I just want to tell myself that we can win on the path of allowing our natural humanistic tendencies play out despite the challenges that come with it. A part of me wants to show my husband that he wasn't helping to write those placards for fun. A part of me wants to finally have a cogent answer to the communicated and unasked questions that I get from my 6-year-old inquisitive daughter. I want to tell my girls and our gate man that they'd no longer need to help take the pictures for the daily photo campaign.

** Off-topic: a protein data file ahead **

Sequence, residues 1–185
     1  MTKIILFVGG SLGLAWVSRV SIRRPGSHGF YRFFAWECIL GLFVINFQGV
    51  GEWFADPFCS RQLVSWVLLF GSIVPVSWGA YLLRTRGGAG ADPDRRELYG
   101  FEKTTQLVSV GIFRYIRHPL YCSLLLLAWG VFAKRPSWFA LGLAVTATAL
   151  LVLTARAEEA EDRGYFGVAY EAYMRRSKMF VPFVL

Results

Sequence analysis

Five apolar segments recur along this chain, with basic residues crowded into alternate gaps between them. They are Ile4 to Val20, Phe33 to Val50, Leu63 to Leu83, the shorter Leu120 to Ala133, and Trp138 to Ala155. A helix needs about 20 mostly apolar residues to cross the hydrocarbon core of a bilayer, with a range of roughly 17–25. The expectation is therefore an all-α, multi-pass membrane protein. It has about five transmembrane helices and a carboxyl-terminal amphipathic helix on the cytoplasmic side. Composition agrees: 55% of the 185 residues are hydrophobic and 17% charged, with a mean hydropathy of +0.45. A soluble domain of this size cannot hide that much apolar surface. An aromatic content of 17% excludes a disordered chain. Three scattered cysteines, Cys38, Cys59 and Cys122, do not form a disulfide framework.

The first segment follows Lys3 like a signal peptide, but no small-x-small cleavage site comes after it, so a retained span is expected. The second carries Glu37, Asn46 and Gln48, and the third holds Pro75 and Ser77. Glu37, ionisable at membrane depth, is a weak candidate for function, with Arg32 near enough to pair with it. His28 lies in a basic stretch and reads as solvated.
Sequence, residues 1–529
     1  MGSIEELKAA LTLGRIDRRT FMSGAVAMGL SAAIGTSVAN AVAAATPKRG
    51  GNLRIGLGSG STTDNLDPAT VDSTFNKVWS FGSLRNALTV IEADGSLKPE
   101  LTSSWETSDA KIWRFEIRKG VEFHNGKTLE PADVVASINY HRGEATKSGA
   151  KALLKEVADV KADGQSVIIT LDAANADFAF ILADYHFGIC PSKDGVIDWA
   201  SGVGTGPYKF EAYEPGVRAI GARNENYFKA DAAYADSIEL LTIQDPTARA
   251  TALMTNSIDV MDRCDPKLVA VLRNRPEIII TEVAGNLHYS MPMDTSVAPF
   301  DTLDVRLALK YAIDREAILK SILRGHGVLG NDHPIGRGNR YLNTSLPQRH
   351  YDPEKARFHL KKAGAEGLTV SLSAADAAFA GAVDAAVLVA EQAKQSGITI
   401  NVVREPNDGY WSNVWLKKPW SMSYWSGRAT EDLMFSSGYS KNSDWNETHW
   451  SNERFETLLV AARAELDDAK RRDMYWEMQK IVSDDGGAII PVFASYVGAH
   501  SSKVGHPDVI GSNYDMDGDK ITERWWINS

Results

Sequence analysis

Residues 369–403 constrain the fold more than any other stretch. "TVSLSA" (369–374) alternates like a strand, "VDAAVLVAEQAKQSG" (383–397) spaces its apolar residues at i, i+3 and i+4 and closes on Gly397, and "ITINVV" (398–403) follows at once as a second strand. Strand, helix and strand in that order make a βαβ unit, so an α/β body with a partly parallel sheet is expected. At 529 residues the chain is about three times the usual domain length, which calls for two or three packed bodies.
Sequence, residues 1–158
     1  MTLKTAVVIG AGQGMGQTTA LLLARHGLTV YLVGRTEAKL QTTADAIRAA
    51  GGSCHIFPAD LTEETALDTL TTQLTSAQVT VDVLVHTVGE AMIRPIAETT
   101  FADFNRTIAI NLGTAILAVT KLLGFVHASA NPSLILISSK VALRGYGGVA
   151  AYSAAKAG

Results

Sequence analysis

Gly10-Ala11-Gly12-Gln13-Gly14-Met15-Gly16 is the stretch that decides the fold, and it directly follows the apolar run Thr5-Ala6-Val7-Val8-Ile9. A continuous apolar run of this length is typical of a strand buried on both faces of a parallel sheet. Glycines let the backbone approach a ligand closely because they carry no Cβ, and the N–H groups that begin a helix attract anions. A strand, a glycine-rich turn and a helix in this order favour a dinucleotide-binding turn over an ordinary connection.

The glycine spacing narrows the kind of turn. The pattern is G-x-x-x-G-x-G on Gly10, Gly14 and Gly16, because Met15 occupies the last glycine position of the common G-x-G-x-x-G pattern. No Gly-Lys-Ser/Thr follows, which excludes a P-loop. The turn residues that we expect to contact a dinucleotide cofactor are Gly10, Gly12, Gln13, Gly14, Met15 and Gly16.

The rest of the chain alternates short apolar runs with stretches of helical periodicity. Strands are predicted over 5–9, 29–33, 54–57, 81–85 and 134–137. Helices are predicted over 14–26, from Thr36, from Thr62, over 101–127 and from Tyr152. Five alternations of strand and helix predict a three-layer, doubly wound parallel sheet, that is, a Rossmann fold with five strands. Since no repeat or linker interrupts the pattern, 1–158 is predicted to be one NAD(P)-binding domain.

But right now, having done the bit within our limit, we are still saying the same thing. The depressing feeling that comes with this is nothing words can put together. To cover this lacuna, I have told myself, and even encouraged others, that we are winning in some other ways. It's true. But at this moment, I'm unable to relate with that. What really is our win without the Chibok girls? What?
I drop this device with a deep sense of depression, while PRAYING that a miracle happens. Life would just never remain the same without a meaningful and positive closure to this issue. Even when they are brought back, it just would NEVER!
Yet, I stand.